I know you already know this poem. I’m really glad you do : I love this poem. I memorized it in sixth grade for a poetry presentation, and I brought in a CD player with a song I thought went with it, and my two plastic model horses and my American Girl doll sleigh to “set the scene.” I l o v e this poem. Everything about it. Robert Frost was born in 1874 in San Francisco and lived most of his life in New England. He was a teacher as well as a prolific and brilliant poet, achieving fame during his lifetime, He died in Boston in 1963. You can read more about him here.
Stopping by Woods on a Snowy Evening
Whose woods these are I think I know.
His house is in the village though;
He will not see me stopping here
To watch his woods fill up with snow.
My little horse must think it queer
To stop without a farmhouse near
Between the woods and frozen lake
The darkest evening of the year.
He gives his harness bells a shake
To ask if there is some mistake
The only other sound’s the sweep
Of easy wind and downy flake.
The woods are lovely, dark and deep,
But I have promises to keep,
And miles to go before I sleep,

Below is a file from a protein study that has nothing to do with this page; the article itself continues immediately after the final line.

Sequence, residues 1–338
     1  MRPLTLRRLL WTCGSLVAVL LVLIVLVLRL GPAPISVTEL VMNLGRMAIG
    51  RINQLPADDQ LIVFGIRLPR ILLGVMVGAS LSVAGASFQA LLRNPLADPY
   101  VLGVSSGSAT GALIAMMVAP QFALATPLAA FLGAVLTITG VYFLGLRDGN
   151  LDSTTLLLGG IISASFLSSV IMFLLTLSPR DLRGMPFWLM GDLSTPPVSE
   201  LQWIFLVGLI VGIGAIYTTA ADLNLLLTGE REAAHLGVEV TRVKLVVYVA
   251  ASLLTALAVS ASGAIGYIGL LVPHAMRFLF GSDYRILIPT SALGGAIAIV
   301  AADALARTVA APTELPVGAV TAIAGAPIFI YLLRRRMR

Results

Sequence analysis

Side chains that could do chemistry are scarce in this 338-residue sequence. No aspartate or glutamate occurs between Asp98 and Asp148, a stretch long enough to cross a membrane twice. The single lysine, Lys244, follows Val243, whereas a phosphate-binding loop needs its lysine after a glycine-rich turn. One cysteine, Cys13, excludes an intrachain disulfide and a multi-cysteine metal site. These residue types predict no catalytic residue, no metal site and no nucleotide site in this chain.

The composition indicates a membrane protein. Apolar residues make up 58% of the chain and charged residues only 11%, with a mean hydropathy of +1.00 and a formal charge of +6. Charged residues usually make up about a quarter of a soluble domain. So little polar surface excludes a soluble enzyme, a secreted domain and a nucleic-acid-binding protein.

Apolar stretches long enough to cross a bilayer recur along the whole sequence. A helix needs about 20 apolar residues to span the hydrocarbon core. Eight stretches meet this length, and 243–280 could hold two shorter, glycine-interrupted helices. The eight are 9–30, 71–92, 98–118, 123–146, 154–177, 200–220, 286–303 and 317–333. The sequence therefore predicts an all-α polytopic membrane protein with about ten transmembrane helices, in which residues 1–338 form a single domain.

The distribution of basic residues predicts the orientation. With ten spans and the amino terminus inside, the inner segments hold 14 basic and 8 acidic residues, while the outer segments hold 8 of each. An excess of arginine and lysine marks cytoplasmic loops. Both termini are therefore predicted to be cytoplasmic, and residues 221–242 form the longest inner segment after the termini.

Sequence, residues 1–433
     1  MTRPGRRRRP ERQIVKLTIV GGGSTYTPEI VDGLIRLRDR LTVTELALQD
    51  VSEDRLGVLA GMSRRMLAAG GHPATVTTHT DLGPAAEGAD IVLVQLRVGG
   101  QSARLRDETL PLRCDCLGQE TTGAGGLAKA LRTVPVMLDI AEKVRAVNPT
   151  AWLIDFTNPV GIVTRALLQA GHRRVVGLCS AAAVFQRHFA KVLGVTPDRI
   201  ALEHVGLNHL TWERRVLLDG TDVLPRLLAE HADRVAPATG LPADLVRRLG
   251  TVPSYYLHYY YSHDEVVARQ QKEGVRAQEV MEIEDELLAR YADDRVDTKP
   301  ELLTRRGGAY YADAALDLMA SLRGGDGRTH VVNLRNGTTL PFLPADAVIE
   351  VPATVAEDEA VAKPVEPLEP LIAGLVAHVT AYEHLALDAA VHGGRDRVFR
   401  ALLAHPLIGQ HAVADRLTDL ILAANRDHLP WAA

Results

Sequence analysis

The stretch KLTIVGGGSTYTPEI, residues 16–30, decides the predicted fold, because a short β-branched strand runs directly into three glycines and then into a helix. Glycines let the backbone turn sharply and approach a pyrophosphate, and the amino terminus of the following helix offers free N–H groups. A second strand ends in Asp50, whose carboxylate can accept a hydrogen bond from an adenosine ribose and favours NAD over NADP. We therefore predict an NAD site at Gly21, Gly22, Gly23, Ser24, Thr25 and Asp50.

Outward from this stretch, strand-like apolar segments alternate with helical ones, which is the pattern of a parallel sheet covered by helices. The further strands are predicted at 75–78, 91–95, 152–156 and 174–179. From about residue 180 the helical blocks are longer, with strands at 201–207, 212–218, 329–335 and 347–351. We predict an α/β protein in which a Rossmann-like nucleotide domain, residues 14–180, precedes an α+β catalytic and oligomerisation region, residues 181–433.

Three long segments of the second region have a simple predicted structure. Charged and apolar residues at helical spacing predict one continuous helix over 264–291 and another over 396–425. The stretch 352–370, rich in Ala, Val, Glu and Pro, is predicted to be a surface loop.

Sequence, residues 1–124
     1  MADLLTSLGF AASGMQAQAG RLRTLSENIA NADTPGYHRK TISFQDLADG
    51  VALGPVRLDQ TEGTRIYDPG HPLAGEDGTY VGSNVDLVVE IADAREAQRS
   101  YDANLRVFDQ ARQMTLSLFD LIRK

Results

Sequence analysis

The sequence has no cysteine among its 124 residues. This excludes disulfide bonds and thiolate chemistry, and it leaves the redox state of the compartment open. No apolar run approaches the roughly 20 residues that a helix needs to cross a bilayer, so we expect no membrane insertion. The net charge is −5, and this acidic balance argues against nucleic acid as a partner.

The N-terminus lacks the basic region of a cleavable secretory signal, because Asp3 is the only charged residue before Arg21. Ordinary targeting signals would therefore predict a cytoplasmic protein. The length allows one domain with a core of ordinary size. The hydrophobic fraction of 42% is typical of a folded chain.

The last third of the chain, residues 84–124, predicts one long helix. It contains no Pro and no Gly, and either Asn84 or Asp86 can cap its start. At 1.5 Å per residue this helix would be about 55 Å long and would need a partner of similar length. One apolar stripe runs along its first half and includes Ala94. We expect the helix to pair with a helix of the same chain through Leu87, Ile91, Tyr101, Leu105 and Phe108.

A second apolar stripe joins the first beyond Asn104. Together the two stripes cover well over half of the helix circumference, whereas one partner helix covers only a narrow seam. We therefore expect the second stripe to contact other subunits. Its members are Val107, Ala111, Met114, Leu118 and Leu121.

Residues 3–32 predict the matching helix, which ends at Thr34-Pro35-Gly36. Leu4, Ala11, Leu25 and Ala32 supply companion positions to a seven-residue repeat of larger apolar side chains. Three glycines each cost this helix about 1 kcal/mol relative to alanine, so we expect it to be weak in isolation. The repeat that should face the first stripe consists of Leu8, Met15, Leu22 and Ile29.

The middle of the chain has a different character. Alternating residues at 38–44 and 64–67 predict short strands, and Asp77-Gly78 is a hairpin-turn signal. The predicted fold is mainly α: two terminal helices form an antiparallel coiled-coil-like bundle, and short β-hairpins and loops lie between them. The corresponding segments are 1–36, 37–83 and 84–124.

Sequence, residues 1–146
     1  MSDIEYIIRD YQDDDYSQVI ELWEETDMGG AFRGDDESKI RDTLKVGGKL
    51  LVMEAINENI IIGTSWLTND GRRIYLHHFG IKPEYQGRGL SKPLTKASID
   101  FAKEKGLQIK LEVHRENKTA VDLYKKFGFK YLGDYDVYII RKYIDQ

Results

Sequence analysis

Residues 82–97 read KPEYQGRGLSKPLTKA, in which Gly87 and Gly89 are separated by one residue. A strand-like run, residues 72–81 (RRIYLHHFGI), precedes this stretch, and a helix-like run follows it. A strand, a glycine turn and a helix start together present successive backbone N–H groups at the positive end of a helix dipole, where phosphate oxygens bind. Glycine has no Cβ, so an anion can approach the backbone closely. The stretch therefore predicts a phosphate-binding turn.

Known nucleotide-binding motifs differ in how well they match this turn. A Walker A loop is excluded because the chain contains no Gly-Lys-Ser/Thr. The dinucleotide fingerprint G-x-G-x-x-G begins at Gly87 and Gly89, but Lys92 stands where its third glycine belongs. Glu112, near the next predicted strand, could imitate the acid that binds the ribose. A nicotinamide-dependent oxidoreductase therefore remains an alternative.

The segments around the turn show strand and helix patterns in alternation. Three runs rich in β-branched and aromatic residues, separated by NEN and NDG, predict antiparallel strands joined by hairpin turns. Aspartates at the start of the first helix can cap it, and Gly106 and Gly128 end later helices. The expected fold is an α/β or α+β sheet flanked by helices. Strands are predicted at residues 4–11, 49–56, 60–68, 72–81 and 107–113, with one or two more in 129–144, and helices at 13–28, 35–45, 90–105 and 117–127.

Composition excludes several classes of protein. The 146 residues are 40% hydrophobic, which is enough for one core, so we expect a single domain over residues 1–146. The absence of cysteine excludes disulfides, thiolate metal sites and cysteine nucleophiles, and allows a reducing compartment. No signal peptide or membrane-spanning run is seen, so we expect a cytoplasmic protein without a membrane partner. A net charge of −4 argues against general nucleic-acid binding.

And miles to go before I sleep.
Normally, on Fridays, I post recipes for, you know, food. This Friday wasn’t meant to be an exception. I worked on a homemade apple cider recipe yesterday and this morning, but the thing is, I just didn’t love it. I wasn’t wowed by it as I had hoped to be, and there was something off in the flavor profile that I wasn’t able to fix (not yet, at least). And I don’t want to share a recipe with you unless I really think it is worth sharing. But luckily, I’ve been working on some other writing, and it just so happens that it ends up being a sort of recipe itself. I’ll probably never be done editing this, and there will be dozens of versions. But for now, I’m just going to share it. Because vulnerability is important, or something.